Connelly is clear that, while the Vatican did not propagate such teachings, it did little to disavow them or silence the speakers. He identifies two primary reasons for this. The first was that, in the early decades of the 20th century, racism and eugenics was widely regarded as a science, not only in Germany, but in much of the Western world – including the USA, where the eugenics movement was gaining influence. (Modern-day treatment of contraception and abortion as scientifically-based “health care” “comes to mind as an easy parallel.) The Church had had its run-ins with science a few centuries prior, Connelly points out, and did not wish once again to be so clumsy. Moreover, the Church’s own scientists, such as Muckermann, promoted the racist view, moderating it just enough to steer clear of the Church’s condemnation of forced sterilization and similar practices.
The second reason for the Vatican’s silence, Connelly argues, was a lack of appropriate language. The Nostra Aetate statement explicitly condemns the centuries-old understandings of the Jews as accursed murderers of Christ. This disavowal was necessary, and controversial: prior to Vatican II, the Church had not spoken about the Jews in any other way. Indeed, an encyclical prepared by Pius XI as late as 1938 (never released) included lines such as this: “Jewry… has frivolously sacrificed its exalted historical calling once and for all… lost the enveloping communal life in race by turning against its own precious blood and calling it in vengeance against itself and its children.”
This negative theology of the Jews was exacerbated by the German language itself. As Connelly points out, the German word Erbsünde, signifying original sin, “literally means ‘hereditary sin,’ passed from generation to generation.” The effects of this interpretation of original sin are evident in the case of Dr. Albert Niedermeyer, a leading German Catholic gynecologist. Both in his writing and in his medical practice, Nidermeyer staunchly opposed eugenic practices grounded in racism, which ultimately landed him in a concentration camp. Connelly writes:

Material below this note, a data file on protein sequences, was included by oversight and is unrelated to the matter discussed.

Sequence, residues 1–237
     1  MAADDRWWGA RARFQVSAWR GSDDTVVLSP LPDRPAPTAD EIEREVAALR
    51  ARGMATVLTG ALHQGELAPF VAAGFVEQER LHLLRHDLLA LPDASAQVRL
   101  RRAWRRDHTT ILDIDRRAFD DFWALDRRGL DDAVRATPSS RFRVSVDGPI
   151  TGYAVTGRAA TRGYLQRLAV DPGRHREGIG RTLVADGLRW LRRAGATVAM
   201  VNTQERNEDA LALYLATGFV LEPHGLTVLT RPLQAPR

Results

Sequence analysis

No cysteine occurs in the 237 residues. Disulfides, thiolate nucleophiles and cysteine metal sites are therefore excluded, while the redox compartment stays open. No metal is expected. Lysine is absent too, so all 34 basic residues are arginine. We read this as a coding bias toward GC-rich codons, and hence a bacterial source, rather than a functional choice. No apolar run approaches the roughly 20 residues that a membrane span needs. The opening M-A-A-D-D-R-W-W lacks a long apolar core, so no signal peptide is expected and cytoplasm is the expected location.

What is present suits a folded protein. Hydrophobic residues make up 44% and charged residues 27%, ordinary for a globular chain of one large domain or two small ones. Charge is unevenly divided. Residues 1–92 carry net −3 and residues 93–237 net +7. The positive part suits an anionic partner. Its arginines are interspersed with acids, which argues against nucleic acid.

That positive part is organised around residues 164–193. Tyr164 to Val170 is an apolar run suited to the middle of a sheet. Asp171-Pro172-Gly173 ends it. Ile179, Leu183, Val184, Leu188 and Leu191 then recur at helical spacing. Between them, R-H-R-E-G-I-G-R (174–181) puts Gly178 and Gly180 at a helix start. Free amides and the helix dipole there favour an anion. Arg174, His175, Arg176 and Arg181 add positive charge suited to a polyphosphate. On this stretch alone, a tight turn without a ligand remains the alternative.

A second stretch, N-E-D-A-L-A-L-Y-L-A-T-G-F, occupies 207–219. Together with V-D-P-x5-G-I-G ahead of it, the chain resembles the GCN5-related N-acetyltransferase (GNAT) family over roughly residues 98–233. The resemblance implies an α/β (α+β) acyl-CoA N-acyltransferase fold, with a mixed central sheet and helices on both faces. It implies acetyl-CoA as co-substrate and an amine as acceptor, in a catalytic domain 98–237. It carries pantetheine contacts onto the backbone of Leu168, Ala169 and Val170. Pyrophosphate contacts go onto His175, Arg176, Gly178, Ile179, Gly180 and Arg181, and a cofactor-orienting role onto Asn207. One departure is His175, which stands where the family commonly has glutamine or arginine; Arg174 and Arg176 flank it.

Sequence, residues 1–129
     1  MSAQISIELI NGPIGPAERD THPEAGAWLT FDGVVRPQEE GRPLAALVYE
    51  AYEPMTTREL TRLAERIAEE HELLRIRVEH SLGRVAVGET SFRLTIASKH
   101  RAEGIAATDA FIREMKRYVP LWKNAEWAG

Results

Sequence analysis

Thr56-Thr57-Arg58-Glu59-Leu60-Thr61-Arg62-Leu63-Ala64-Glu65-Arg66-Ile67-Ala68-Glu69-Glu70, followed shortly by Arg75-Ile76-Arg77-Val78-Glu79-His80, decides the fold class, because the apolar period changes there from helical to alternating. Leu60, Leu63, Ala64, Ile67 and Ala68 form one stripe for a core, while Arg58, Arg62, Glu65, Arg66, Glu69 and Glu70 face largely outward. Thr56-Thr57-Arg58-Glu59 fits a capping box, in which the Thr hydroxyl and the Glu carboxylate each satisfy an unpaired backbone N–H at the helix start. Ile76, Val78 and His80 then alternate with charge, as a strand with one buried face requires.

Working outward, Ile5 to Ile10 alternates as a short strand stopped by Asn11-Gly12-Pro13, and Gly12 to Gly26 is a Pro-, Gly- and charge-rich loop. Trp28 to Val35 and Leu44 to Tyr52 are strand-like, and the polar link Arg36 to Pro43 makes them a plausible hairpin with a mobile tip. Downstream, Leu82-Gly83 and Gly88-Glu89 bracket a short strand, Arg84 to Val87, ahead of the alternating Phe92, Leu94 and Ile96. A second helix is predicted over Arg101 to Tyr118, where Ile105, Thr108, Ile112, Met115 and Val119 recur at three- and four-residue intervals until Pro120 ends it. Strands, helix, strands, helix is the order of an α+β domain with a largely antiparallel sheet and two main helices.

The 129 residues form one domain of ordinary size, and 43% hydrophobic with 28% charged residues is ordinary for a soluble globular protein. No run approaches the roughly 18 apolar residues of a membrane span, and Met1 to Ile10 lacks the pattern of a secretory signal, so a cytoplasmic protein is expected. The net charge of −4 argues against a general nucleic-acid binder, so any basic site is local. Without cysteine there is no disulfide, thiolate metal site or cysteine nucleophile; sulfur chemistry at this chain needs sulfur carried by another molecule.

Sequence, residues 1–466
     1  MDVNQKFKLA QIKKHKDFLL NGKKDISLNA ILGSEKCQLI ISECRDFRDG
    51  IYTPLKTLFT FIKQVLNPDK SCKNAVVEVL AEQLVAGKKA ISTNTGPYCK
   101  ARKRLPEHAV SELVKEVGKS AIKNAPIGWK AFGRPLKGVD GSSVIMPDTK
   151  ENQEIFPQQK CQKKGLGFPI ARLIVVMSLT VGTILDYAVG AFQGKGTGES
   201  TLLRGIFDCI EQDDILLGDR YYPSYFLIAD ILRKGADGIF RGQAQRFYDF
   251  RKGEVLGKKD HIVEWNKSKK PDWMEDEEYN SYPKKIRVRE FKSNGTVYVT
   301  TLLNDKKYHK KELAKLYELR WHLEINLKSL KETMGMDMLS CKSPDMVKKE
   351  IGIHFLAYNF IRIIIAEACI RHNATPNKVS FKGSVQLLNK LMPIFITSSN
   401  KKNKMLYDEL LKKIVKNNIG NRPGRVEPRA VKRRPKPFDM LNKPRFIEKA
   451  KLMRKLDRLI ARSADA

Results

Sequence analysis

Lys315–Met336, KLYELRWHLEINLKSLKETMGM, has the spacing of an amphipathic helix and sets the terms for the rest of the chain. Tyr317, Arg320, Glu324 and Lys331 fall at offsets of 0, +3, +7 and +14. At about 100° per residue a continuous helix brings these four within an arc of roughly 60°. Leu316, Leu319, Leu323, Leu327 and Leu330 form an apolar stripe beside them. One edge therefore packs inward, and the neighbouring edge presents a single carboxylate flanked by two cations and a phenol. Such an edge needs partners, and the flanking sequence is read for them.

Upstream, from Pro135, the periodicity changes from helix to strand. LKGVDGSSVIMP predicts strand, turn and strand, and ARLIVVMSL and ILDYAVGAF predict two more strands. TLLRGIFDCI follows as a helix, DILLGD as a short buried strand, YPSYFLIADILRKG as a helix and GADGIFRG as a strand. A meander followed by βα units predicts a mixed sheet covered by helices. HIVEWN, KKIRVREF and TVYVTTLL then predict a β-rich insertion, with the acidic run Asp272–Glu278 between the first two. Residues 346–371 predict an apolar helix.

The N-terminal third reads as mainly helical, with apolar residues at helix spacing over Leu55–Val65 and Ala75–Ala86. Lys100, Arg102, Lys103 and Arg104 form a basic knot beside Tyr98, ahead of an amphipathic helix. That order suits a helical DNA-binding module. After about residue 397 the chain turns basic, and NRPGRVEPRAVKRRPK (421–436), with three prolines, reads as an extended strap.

Niedermeyer’s engagement with “the problem of racial hygiene” has led to a serious examination of the most central elements of Christian morality. In contrast to Karl Adam, Niedermeyer read the Thomist principle of grace presupposing nature in a way that permitted grace some independent power. Even those who were “severely retarded” could prevail over illness with the help of grace. […]
But when it comes to the Jews, Nidermeyer’s tune is rather different:
A Christian had to place Christ at the center of any thoughts on the Jews… If one really believed that Christ was God, then the magnitude of Jewish guilt for his crucifixion was “beyond imagining”… “The sign of Cain marks the awful treachery of this once noble people that is now despised among the peoples… even the most honest efforts cannot deny the basic fact that Jews have become repugnant, indeed frightening and sinister for other peoples.”
Niedermeyer condemned Jews who tried to escape punishment for killing Christ by “dishonestly” becoming Christians, and he demanded special scrutiny for converts. It was a delusion to think that baptism could suddenly erase Jews’ guilt for killing Christ.
The view that conversion to Christianity did not wash away the hereditary sin of killing Christ, Connelly emphasizes, was far from unique to Niedermeyer. Even the Jesuit Bichlmair, who was active in Catholic ministry to Jews and Jewish converts, held to it.
This belief in the Jewish curse, Connelly also points out, prevented Catholics –laymen, priests, and Vatican clerics alike – from taking a stance against Nazi anti-Semitic violence. If the misfortunes of the Jews are visited upon them by God, it cannot be the place of the Church to intervene – apparently, even when God’s will is being embodied by the Nazis, enemies of Catholicism.
How, then, did the Church’s thinking about the Jews change – too late, perhaps, but so significantly? Who changed it, how, and why? More on that in the next installment of this book review.